Next Door Story: Charlotte Hurd—Sometimes the Door Finds You
By Jacey Eckhart
Your big career break could sneak up behind you clad in blazing Pepto-Bismol pink. No lie. I would never have believed it either until I hear the best Next Door Story from Charlotte Hurd, the military liaison for Senator Mark Warner of Virginia.
“When I retired from the Navy, I thought I was all that and a bag of chips,” Charlotte told me with a laugh during a recent interview at Royal Chocolate (as decadent as it sounds) in Virginia Beach.
I thought she was all that and a bag of chips, too. She enlisted in the Navy in 1981 as an E1, was promoted to chief, applied to be a Limited Duty Officer, and retired from the Navy as an 0-5. The Navy calls those people “mustangs” because this transition is so hard to do. It takes a ton of determination and persistence, which Charlotte had plenty of. Throughout her career her mantra was “Find out what they want and do it.” Which worked brilliantly for her.
“I thought the world would welcome me with open arms and that I would have a job in no time,” Charlotte said. She thought she was a natural fit to move into government service where she had contacts and experience. So she put in her retirement papers.
The door shut behind her with a resounding clang. Because in 2013, sequestration closed the door on civilian hiring across the Department of Defense. She could not take her papers back and unretire. Just like all of us who find ourselves stranded in the hallway of life, Charlotte had to move forward.
For an entire year she knocked on doors. She put out resumes like it was her full-time job. She got job offers. “The jobs offered seemed far less than what I was able to do,” Charlotte said. She kept knocking especially on that Department of Defense door, but stubbornly, illogically, it would not open. (It was her Ex-Door not her Next Door. More on that next time.)
Frustrated, angry, and discouraged, she found that hiking and kayaking helped. “Nature is one of those things that helps me get away. At some point you gotta let go and let it flow. Take a step back from what you are trying to do and get back into that personal space.”
Finally, on New Year’s Day 2014, she had enough. She told herself, “A year has passed. You gotta get a life, Charlotte.”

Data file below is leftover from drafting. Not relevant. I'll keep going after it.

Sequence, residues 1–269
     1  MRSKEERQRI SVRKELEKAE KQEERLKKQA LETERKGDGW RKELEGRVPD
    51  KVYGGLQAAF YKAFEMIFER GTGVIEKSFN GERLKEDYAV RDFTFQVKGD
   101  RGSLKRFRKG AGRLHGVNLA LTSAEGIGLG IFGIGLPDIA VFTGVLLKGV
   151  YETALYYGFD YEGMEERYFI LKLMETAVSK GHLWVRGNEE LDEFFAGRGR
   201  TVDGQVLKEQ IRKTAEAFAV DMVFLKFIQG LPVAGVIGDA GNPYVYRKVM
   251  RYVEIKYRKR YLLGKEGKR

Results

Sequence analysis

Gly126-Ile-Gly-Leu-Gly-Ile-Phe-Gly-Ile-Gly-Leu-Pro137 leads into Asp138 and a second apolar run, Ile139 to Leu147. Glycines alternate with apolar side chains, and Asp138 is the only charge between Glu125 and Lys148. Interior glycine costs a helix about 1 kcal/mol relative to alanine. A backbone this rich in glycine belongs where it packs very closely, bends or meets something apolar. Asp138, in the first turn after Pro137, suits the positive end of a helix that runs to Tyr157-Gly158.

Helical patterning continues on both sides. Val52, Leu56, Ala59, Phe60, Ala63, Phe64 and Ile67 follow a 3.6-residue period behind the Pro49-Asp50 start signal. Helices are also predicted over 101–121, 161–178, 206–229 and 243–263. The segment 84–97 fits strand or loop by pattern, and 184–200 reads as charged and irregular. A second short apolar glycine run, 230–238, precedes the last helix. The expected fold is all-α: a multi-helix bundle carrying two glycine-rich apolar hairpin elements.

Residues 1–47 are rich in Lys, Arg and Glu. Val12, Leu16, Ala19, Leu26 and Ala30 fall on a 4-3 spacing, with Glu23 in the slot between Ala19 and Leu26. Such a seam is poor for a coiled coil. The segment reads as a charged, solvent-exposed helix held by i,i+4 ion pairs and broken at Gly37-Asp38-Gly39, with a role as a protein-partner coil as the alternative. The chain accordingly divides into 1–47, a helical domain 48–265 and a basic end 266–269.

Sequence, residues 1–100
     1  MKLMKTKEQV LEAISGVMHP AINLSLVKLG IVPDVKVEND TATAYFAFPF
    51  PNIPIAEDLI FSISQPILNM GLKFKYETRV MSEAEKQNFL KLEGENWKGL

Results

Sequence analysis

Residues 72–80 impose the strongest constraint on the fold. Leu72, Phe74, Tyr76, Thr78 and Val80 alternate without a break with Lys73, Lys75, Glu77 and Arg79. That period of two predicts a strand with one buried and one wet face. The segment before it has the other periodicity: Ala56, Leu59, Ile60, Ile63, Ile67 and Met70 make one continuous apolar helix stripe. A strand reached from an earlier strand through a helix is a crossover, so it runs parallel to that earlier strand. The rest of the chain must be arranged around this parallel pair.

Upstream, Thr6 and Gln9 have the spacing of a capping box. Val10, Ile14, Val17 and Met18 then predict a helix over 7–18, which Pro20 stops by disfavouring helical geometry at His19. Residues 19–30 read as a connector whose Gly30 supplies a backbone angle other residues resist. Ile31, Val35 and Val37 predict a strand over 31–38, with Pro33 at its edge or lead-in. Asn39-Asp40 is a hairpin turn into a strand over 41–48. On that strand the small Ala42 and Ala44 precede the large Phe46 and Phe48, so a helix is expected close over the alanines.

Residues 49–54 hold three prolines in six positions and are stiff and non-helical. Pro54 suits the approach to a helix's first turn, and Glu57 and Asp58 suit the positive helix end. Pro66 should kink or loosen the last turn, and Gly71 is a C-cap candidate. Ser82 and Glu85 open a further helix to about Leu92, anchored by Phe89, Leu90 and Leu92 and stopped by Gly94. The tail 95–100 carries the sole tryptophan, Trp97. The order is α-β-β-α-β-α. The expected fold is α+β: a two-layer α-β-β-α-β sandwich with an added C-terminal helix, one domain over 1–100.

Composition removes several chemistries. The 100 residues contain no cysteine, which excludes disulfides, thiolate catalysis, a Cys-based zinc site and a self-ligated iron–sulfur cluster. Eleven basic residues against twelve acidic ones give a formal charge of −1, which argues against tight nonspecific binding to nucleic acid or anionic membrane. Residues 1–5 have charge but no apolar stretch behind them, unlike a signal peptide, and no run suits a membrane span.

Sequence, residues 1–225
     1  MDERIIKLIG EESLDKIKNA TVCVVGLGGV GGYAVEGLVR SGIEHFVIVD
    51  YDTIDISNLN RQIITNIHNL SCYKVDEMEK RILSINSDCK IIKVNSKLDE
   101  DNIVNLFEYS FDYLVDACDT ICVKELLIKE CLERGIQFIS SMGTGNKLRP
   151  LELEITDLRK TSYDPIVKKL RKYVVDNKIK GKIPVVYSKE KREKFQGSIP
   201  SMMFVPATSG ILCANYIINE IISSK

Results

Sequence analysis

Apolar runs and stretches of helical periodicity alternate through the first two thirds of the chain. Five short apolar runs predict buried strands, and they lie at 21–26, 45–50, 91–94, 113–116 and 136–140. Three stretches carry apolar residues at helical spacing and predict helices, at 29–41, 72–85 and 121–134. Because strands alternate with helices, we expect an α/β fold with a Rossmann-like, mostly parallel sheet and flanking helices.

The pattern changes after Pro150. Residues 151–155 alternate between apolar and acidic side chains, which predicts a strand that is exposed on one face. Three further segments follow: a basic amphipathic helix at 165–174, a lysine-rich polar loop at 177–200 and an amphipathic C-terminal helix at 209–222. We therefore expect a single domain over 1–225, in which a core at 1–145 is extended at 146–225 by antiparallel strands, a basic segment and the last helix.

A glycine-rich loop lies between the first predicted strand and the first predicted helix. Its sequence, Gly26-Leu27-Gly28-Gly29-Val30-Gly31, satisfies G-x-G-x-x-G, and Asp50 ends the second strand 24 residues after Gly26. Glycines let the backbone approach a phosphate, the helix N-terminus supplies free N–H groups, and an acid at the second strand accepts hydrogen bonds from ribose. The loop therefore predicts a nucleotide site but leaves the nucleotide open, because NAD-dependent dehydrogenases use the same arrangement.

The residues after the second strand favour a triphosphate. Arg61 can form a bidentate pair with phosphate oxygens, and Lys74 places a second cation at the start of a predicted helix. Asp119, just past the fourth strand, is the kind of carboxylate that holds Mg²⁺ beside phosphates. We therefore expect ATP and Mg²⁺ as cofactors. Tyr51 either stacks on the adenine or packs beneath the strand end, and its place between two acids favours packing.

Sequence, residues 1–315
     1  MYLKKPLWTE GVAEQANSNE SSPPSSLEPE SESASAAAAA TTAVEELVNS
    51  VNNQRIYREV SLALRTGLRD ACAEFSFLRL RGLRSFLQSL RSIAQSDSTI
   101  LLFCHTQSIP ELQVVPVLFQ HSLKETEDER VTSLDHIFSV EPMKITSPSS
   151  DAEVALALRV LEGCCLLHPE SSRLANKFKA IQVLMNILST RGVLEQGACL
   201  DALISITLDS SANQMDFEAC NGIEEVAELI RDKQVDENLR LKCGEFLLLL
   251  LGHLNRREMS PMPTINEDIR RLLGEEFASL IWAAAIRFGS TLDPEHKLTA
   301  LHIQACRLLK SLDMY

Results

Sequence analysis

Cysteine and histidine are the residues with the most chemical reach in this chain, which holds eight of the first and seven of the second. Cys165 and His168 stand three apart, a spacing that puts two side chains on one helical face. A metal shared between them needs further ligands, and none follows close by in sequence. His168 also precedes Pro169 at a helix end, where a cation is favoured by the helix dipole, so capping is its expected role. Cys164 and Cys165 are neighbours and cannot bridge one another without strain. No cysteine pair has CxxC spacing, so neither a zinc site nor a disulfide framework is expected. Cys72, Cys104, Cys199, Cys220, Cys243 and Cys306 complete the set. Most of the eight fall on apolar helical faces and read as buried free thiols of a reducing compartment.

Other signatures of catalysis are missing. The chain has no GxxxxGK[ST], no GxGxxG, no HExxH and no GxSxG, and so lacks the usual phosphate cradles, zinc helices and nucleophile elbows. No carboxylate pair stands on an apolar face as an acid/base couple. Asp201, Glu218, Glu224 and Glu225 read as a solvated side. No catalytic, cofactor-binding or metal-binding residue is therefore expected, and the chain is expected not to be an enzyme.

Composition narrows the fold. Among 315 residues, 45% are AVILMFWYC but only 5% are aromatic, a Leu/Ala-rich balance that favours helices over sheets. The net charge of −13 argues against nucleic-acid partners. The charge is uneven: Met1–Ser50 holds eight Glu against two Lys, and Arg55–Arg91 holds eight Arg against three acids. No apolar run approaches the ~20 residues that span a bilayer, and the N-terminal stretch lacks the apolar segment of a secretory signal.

That day she went to Virginia’s Chippokes Plantation State Park with nine people from her hiking group for their First Day hike. Charlotte recalled, “A silver-haired lady came rolling up beside me in a bright pink coat. Pepto-Bismol pink. She was walking and talking and on her BlackBerry.” The two chatted casually, and the lady in pink asked her a lot of questions and then took her contact information.
The next day, Charlotte got an email requesting her resume. Then she received an invitation to come up to Richmond, Virginia for an interview with the lady in the pink coat—Nancy Rodriguez, Virginia Secretary of Administration under Governor Terry McAuliffe.
“Two weeks later I was standing on a stage watching the Governor-elect get sworn in,” said Charlotte. She worked for Nancy Rodriguez as her executive assistant.
“At first I felt like an outsider [in state government],” said Charlotte. “But everywhere I’d ever been in my career I was an outsider.” Her old manta—“Find out what they want and do it”—worked great for her again. Eighteen months later, she was recruited to be military liaison for Senator Warner.
It’s easy for us to look at Charlotte’s job progression in the rearview and think it is so obvious that a door is going to open for someone who is all that and a bag of chips. But it isn’t obvious to any of us while we are stuck in the hallway. We have to keep knocking; we have to branch out. Because some doors will remain stubbornly closed to us, and others will sneak up behind us in blazing Pepto-Bismol pink.